I enjoy using the comparative measurement method of drawing for figures instead of sight size.
Not only is it faster, but it has a more organic feel to it as I draw. Most importantly, models move and shift. Even the really good ones – and this particular model is amazing – cannot help but give in to the forces of gravity. If you are working in sight size that can be a problem.
In this drawing, I am using the length of the head as my base measurement. She is 5 heads long by 3 1/2 heads wide. You probably can’t see it on my paper, but I have tick marks on the side to mark her boundaries along the side, top and I believe I have a bottom for that foot.
Once I get a basic envelope made of where this figure is I can begin to discover where things line up. For example the edge of her heel lines up with the beginning of her breast that lines up with the edge of her face, etc. I can use that head measurement to compare to my other measurements. How many heads long is that lower leg? The upper leg? The arm? What is the distance between the bottom of the upper leg and the heel? What is half a head long?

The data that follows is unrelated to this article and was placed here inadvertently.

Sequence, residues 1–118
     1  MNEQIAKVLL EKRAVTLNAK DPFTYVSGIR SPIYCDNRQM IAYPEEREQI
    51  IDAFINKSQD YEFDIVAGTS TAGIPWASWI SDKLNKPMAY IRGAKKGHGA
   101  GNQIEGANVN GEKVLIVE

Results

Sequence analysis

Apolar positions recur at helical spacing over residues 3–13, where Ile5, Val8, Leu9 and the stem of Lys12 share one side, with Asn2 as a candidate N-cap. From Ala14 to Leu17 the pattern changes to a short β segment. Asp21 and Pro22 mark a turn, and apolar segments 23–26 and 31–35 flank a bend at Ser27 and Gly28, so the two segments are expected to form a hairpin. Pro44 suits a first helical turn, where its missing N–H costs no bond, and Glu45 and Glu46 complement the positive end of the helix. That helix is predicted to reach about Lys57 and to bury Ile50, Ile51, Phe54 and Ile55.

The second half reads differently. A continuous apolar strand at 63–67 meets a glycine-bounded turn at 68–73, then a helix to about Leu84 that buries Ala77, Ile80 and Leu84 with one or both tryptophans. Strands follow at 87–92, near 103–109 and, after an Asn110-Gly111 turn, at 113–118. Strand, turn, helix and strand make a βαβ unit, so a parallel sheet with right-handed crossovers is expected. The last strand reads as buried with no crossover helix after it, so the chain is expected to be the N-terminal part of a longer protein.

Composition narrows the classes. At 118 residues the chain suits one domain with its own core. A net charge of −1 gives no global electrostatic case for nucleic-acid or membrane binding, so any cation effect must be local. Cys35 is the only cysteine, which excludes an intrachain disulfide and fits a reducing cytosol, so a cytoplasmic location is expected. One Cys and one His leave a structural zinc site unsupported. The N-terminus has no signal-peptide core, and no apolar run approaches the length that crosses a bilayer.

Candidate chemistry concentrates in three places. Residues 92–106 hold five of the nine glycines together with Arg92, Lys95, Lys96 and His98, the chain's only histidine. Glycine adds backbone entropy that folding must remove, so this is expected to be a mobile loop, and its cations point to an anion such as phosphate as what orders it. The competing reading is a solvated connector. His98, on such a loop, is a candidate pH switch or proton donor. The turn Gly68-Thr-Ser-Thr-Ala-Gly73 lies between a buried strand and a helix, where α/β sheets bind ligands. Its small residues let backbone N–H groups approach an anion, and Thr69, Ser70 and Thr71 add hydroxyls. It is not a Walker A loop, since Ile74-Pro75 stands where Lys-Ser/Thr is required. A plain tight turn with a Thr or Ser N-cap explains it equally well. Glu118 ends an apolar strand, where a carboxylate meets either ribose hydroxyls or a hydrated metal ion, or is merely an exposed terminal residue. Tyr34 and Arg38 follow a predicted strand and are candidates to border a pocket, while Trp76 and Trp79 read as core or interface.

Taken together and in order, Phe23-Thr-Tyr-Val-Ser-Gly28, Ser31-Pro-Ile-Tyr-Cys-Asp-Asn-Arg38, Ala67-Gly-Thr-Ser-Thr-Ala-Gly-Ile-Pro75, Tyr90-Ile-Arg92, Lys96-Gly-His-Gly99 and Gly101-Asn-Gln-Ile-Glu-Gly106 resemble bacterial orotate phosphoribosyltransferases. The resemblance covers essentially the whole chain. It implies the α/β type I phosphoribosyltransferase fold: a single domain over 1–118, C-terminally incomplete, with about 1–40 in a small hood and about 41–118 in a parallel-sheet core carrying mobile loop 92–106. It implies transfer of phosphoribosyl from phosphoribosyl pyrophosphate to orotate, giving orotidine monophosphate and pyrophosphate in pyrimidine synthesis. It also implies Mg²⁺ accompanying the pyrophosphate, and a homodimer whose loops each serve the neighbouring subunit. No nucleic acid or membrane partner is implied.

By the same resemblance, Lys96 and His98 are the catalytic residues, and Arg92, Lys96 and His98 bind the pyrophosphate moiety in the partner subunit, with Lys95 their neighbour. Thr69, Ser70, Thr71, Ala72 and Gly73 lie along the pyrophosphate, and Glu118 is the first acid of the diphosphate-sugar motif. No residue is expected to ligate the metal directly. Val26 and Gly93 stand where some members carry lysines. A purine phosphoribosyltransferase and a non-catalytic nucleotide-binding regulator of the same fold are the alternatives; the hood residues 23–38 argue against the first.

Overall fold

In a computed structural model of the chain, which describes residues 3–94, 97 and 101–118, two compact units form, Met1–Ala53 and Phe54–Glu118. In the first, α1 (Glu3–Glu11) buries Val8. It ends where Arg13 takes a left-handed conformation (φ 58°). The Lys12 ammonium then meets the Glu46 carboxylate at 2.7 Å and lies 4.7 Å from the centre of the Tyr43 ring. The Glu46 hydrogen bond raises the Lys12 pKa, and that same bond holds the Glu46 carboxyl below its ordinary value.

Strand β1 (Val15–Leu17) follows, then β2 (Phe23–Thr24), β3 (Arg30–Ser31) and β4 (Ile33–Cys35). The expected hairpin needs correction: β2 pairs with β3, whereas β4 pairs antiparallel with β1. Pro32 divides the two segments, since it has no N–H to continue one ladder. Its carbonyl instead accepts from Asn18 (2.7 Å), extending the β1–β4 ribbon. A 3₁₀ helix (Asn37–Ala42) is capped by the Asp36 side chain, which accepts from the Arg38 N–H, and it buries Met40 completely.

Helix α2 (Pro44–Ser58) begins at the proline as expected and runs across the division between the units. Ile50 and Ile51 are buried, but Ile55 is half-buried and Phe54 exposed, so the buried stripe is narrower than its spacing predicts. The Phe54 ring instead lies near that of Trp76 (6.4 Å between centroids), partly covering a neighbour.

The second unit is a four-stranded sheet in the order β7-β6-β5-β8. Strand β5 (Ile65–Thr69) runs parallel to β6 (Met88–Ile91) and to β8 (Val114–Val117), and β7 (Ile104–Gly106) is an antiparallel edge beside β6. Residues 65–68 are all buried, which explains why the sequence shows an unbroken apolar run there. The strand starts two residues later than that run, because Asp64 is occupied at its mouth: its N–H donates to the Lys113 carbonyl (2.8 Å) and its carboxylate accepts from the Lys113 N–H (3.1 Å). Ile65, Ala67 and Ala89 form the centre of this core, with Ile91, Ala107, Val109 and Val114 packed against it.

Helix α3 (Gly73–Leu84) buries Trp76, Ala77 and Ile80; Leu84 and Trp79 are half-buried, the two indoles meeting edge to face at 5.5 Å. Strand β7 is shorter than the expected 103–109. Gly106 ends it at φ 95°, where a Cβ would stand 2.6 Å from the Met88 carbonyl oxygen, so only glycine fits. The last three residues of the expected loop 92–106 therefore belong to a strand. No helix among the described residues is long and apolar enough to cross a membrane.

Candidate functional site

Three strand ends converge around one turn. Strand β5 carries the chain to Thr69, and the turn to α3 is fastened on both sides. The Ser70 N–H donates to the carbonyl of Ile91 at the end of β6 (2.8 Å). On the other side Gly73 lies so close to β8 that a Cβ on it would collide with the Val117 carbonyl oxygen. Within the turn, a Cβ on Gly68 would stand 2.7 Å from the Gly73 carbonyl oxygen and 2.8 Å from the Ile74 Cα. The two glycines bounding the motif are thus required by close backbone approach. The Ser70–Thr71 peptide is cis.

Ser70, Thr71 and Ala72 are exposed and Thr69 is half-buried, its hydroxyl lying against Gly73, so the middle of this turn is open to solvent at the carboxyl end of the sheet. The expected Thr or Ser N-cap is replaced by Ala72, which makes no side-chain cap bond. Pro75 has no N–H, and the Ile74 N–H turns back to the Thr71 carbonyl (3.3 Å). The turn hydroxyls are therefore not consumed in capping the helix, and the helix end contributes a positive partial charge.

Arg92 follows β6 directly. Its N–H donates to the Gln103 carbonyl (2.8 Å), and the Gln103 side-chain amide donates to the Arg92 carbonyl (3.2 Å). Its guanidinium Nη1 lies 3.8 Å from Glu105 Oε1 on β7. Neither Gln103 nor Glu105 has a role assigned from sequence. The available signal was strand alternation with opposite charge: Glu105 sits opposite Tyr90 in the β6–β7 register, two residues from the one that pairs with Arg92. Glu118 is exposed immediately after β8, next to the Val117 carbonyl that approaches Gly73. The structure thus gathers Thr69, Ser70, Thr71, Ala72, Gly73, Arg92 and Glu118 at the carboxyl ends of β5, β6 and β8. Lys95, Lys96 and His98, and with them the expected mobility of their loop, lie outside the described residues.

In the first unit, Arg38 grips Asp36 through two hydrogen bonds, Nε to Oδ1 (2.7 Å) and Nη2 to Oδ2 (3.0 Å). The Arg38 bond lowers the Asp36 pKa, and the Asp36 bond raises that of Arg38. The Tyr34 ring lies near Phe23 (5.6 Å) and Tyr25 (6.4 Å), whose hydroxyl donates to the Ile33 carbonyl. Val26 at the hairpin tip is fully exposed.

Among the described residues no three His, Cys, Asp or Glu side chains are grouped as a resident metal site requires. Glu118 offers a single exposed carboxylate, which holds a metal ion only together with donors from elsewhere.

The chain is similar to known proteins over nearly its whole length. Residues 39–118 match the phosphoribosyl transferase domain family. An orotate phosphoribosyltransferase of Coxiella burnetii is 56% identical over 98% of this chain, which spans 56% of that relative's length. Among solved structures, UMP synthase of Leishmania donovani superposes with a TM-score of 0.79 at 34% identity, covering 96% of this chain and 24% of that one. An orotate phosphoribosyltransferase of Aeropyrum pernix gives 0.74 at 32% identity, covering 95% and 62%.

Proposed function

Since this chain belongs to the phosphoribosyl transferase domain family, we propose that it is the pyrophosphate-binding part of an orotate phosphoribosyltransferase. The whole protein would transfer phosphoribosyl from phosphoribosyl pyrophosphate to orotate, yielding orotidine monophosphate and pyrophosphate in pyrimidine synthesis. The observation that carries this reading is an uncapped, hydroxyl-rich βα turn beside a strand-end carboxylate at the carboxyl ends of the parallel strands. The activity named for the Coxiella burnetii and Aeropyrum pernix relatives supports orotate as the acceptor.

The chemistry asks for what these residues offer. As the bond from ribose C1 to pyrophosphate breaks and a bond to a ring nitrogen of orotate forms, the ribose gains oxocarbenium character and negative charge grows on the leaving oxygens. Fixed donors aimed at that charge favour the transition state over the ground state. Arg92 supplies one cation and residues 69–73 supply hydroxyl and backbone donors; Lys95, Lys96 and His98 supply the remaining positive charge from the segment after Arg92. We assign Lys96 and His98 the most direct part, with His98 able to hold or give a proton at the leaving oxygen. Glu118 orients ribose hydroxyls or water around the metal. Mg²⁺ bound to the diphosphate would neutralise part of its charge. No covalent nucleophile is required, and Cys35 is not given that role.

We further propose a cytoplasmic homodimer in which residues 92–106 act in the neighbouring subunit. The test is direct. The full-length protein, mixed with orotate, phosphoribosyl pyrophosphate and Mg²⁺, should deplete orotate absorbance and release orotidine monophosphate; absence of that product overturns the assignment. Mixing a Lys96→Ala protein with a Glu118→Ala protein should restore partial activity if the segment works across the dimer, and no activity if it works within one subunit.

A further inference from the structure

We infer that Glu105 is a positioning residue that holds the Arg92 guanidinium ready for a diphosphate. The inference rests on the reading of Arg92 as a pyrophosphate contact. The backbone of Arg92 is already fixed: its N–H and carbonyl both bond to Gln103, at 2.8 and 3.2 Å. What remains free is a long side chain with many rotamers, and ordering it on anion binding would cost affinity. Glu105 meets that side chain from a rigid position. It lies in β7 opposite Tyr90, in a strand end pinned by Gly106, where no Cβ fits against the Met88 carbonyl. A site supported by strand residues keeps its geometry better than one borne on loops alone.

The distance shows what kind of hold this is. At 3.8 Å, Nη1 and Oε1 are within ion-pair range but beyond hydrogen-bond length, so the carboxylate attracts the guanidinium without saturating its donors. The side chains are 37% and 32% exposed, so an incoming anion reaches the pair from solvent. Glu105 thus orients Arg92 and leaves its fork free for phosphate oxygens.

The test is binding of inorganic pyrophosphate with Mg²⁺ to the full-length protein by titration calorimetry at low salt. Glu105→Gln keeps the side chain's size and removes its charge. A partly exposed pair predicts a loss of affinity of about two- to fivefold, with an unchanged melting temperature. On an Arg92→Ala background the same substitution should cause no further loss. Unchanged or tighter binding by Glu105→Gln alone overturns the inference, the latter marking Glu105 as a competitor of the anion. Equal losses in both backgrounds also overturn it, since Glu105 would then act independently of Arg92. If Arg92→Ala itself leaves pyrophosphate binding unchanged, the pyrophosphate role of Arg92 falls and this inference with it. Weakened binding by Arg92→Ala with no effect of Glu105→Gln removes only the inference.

Even though all of the measurements can be answered bu using the sight size method, they are very dependent on where they line up on your paper.
In Sight Size – If your horizontal and vertical lines are off after a rest period or starting a new session you either have to move to a new measurement method or adjust your drawing. With a living model, this is almost impossible to avoid. With Comparative measurement as long as your model is in the same general location and you are in your same general location, all those measurements are generally correct. You are not comparing the measurements of the model to your paper, you are comparing them to other measurements on the model. This gives them much more portability.
No matter which method you use for drawing the figure, there is no way to get out of measuring and remeasuring to gain understanding of what you see.
I once believed that an artist could sit in front of a model or object and just know how to draw or paint them. The only way to know the difference between what you see and what you think you see is to measure. The only way to build a more correct instinct is to measure often. If I am lucky, one day I will be able to draw a figure without the world seeing that I am measuring the whole time and dazzle the onlookers with my brilliance. Until then, I will be comparing and sight sizing and holding pointed objects up at arms length between the model and I while talking to myself. The talking to myself is also an important key, but that’s another post.
In another figure drawing I am using a combination of Sight Size and Comparative measurement. I am using sight size to get my envelope and exterior boundaries, but using comparative measurement to get the interior. Perhaps I will have pictures next week to demonstrate what I mean.
Some Helpful links:
Misconceptions of Sight Size